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HEALTH

Covid-19: Italy’s mortality rate doubled during worst month of pandemic, study shows

Italy's mortality rate was double that of previous years in March, the worst month of its Covid-19 pandemic, a new report says, showing how badly undercounted initial estimates of the deadliness of the disease may have been.

Covid-19: Italy's mortality rate doubled during worst month of pandemic, study shows
A hospital in the Italian region f Lombardy, which has been hardest hit by the coronavirus outbreak. Photo: AFP
Scientific experts and even the Italian health authorities themselves have said since April that the country's official death toll was likely to be underestimated.
 
Italy was not the only country to have failed to fully account for deaths linked to the coronavirus. 
 
Other studies showed that the United States, Peru and Mexico City were among those which largely under-reported the number of people who died from the disease.
 
In New York, for example, the number of deaths tripled last spring but 22 percent of excess deaths had not been officially reported as coronavirus cases, due to a lack of testing.
 
 
To calculate the real toll of the pandemic, demographers and other researchers used not only the number of cases confirmed by tests but also looked at official mortality statistics, based on death certificates, and compared them to previous years, a method often used in researching flu
outbreaks.
 
The results published Monday in the US medical journal “Jama Internal Medicine” showed the devastating toll of the virus in Italy, the first country to bear the full brunt of the pandemic in Europe.
 
Some Italian hospitals were overwhelmed by the number of Covid-19 cases being admitted in March 2020. Photo: AFP
 
On April 4th, Italy said it had officially recorded just over 15,000 deaths from Covid-19. 
 
Between March 1st and April 4th, a total of 41,329 people died in Italy, officials figures show – roughly 20,000 more than in the five preceding years.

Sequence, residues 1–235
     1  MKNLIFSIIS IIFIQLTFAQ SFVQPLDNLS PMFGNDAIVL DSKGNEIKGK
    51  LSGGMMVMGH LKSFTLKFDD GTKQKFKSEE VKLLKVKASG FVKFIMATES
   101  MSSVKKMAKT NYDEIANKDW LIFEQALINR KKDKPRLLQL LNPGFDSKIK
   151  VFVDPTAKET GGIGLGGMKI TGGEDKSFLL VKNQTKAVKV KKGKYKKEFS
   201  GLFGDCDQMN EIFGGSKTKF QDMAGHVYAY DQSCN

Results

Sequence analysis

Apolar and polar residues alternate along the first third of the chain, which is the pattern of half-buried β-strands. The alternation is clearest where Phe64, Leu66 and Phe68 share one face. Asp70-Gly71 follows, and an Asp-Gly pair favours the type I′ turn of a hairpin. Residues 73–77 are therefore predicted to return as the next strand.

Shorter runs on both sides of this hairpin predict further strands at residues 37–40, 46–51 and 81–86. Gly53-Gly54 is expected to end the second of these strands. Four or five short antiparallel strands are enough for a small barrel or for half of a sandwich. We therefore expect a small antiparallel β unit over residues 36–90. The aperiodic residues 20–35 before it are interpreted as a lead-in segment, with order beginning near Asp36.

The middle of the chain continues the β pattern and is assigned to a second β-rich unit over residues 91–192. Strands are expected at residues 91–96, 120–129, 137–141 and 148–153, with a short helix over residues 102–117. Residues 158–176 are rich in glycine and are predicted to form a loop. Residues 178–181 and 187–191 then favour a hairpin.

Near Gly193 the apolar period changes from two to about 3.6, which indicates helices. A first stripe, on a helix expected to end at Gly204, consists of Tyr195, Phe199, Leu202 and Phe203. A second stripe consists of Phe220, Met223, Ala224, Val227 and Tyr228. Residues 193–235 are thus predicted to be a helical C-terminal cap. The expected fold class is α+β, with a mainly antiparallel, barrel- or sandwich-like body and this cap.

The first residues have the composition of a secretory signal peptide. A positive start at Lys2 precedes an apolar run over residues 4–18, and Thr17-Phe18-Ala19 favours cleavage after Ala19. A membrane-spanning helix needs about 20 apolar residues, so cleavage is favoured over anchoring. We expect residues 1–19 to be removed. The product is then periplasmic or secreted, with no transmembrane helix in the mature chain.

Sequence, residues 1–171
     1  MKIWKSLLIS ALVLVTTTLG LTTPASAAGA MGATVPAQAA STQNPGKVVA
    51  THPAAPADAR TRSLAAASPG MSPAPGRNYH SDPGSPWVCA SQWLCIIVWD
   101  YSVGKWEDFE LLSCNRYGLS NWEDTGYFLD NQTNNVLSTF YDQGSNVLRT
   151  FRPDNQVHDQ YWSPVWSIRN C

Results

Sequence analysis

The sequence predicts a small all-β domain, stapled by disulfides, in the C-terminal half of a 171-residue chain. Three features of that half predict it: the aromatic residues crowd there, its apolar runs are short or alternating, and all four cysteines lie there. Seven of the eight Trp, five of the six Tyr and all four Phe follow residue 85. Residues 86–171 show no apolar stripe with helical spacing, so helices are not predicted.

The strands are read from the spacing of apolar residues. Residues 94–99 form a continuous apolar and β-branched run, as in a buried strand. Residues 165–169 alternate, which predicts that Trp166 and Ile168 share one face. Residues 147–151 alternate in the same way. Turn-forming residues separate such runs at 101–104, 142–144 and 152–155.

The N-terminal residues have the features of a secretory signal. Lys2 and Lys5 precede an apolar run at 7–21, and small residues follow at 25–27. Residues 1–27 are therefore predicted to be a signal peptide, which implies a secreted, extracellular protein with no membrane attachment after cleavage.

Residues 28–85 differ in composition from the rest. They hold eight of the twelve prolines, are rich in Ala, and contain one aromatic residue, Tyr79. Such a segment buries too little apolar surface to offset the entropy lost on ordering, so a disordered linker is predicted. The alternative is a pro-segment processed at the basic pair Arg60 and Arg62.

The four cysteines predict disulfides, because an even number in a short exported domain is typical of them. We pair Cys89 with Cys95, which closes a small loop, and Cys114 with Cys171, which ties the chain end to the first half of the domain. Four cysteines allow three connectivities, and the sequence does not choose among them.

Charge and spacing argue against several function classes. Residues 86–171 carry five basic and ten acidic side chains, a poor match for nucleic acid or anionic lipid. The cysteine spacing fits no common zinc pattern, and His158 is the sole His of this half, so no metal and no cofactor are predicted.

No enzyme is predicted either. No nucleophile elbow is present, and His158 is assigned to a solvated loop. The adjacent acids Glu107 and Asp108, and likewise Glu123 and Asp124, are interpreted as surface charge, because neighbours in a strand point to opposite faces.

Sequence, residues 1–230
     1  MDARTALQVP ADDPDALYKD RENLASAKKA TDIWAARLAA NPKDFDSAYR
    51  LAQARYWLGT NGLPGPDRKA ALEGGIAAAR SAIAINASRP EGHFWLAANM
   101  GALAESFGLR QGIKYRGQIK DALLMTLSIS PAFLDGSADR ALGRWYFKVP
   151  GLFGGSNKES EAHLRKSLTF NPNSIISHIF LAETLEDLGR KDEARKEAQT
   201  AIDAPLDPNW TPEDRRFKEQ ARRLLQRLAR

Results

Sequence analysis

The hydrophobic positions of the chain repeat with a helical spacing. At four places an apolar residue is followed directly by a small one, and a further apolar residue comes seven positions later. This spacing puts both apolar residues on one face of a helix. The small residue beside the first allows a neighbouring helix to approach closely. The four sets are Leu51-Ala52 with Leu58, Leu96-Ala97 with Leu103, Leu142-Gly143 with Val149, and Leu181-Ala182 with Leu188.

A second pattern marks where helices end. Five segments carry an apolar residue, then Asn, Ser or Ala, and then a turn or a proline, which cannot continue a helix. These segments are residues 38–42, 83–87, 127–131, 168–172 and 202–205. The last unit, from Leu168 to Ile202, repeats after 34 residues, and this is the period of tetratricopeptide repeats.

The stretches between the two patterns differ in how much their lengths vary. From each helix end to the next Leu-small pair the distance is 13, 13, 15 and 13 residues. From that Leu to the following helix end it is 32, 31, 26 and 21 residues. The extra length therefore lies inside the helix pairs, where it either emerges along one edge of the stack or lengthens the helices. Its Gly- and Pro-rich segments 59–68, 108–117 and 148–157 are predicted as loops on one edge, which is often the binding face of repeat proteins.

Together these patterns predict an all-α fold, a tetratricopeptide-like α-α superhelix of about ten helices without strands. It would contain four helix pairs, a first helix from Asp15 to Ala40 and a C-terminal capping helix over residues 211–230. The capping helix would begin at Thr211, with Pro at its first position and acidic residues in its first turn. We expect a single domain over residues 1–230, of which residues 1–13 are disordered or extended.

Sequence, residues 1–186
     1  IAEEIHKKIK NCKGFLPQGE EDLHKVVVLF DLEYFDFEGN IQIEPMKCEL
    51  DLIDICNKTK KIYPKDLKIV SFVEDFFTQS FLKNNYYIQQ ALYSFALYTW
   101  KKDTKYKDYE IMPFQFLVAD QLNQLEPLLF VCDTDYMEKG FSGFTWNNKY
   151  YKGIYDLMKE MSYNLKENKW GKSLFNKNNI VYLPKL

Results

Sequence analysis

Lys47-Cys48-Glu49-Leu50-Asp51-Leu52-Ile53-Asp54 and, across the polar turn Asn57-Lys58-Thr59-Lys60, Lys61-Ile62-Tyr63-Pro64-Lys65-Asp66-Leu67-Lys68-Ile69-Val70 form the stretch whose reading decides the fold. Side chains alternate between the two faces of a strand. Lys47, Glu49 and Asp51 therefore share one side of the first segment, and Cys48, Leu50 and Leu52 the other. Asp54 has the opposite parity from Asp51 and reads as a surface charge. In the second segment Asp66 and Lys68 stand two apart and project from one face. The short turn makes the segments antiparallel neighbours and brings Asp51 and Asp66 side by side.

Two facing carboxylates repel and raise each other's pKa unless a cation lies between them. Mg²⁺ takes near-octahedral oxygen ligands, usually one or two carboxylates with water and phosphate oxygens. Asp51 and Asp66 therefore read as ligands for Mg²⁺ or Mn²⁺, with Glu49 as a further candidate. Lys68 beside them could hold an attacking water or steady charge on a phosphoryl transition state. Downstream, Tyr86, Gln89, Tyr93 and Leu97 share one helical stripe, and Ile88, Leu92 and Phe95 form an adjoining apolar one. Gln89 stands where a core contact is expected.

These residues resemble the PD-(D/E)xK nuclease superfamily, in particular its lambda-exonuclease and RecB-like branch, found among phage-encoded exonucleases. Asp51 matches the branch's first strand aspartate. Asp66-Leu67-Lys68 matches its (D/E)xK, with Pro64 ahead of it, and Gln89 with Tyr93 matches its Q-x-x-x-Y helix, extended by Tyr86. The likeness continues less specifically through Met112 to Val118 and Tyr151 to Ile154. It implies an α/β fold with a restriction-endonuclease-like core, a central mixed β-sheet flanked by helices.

That marked an increased mortality of 104.5 percent and suggested there were more than 5,000
deaths missing from the toll attributed to the coronavirus.
 
 
The only deaths officially ascribed to Covid-19 at the time were recorded at hospitals and, to a lesser extent, in nursing homes, which would explain the shortfall in the tally.
 
In Lombardy, the worst-hit region, excess deaths reach 173 percent compared to previous years, a rate which rose to 213 percent among men in the region.
 
With generalized testing, it becomes easier to count deaths linked to the epidemic in real time.
 
That is what has since happened in New York, where the gap between the official and the real death tolls has all but disappeared.
 
Experts in Italy and elsewhere have long said that as testing increases the Covid-19 fatality rate would become more accurate.

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HEALTH

Cases of West Nile fever surge in northern Italy

Italy recorded a spike in cases of West Nile fever in the past week and remains by far the worst-affected country in Europe, new data shows.

Cases of West Nile fever surge in northern Italy

Italy has recorded more than 50 new West Nile virus infections in a week, with a total number of 144 cases and ten fatalities this summer so far.

This equated to a 53 percent increase in cases over the last seven days, Italy’s Higher Health Institute (ISS) said in a report published on Thursday.

Three more people died from the virus in the last week, bringing the total death toll up to 10. 

All known cases and deaths so far were in the northern Italian regions of Veneto, Piedmont, Lombardy and Emilia-Romagna.

The infection is not new to Italy, but this summer has brought the highest number of cases recorded yet.

READ ALSO: Italy reports a surge in deaths this summer due to extreme heat

Cases remain relatively rare in Europe overall, but Italy has by far the largest number.

According to the most recent report from the European Centre for Disease Prevention and Control (ECDC), dated August 3rd, 120 cases were recorded this year so far – 94 of which were in Italy.

Greece reported 23 cases, Romania two and Slovakia one. Only Italy has reported fatalities.

Carried by birds, West Nile virus is transmitted to humans by mosquitoes.

West Nile fever cannot pass from human to human and most infected people show no symptoms, according to the ISS.

In healthy people the virus is unlikely to cause more than a headache or sore throat. 

The infection is usually only dangerous for people with weakened immune systems such as the elderly, and the most severe symptoms occur in fewer than one percent of infected people.

There is no vaccine for West Nile fever. “Currently vaccines are being studied, but for the moment prevention consists mainly in reducing exposure to mosquito bites,” the ISS states.

Italy’s health authorities advises taking precautions against mosquitos, especially during the insects’ peak activity at sunrise and sunset. Recommendations include:

  • Use repellent.
  • Wear long-sleeved shirts and long trousers.
  • Sleep in rooms with air-conditioning where possible and keep windows closed or screened.
  • Use mosquito nets.

See more information on West Nile fever in Italy on the health ministry’s website.

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